That is, with no intention of using REST, the Post dilemma may simply not exist.
So, I think the issue may be seen through different glasses:
1. The actual suitability of Post to do a State change, or partial update as mentioned.
2. The actual suitability of using the web implementation semantics for such an application.
3. The actual suitability of REST style to implement that application.
See the point? In (1), we agree to use the regular HTTP operation semantics to create our application. Reading HTTP 1.1 Spec, the Post is to append, annotate or post info to a process for its processing. SO? The last option fits nicely, if you think of the application as a process waiting for data commands to be processed. Is that idea of a process a resource? (Read the REST dissertation).
Now, let say web is for distributed hypermedia. Do its semantics match the application semantics? Is the application a distributed hypermedia system? If not, we shouldn't force the application semantics to behave as a hypermedia distribution thing, because it is not.
Same for REST. REST is an architectural style that restricts the application architecture. And the architecture needs to fit the applications needs. If your application does not require the benefits of REST nor it fits its constrains, it is a non-sense to try tweaking the apps semantics simply because we want it to be RESTfull and thus going on with the hype.
The majority of answers in the posts are trying to find a way to map the functionality needed to resources and states and then trying to define which operation to use against it. So, we end up creating multistate button resources with temporary state changes and I don't know what other things in order to send a shutdown command! Please! That is wagging the dog!
William Martinez Pomares.
Re: Going one level up in the question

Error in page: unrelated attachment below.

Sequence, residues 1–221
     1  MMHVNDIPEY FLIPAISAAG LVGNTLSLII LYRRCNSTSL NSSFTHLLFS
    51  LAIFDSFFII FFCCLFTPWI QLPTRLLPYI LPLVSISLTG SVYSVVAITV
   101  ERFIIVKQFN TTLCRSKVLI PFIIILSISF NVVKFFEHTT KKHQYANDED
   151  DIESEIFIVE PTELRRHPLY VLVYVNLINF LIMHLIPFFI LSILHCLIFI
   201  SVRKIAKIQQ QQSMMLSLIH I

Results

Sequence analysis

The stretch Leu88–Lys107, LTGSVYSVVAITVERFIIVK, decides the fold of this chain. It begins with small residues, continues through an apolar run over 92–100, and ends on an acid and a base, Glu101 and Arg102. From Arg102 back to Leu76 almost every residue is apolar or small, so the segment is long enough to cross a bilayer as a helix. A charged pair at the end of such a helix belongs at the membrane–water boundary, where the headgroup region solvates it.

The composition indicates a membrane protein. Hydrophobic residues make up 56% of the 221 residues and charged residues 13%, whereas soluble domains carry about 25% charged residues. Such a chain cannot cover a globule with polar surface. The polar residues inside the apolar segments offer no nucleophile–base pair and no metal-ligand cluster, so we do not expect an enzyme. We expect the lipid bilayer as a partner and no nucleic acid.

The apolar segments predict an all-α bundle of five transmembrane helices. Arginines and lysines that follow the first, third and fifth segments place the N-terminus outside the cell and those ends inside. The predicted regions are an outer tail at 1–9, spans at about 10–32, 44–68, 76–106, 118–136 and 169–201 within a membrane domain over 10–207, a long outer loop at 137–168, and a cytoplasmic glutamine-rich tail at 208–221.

Its the asynchronous nature of such a request that I believe is the reason for the debate (also why it appears like a process to you perhaps). Would it change the problem, if the resource were truely a RESTful resource, Products for e.g. that had a latency associated with any changes to the state(unit price)?
One really good reason reason that someone would try to model it RESTfully is the simplicity, discoverability and the possibilities of serendipitous (re)use of the solution.
Re: Going one level up in the question
The problem still the same: A simply modeled solution not using REST becomes very complex if you need to change the app to fit the style.
Not sure about the debate, since it seems too many people solves the issue differently. The point is in the Post semantics. See:
1. REST talks about resources of which you obtain a representation that you can only work locally. There is a standard set of operations you can perform against such a resource, and that all the implementation is hidden in the server. Now, REST does not define the operations. By implementing REST using the web standards, URL, HTTP, you have then an application, the web, that defines that set of operations with HTTP.
2. The debate is, trying to use HTTP to implement a REST api it was not designed to handle, how can I map the operations to the problem I need to solve? Well, Roy follows a similar solution to the one you propose, but he still uses post.
Now, why do I need to affect the same resource I'm monitoring? And why do I think of State in the server or state of a resource, when the state should be stored, by REST, at the client, and it is the actual application state? See the confusion about states?
If the resource is the power controller, it is semantically incorrect thinking of modifying it. I would think of sending info to it (post) so it can process it. That may affect the representation of another resource (a machine), so the post sends me a 303 showing me the next step is to ask for that other resource's representation (which will contain the state).
Hope that helps understand my thinking.
William Martinez Pomares.
Ruslan Meshenberg Sep 21, 2014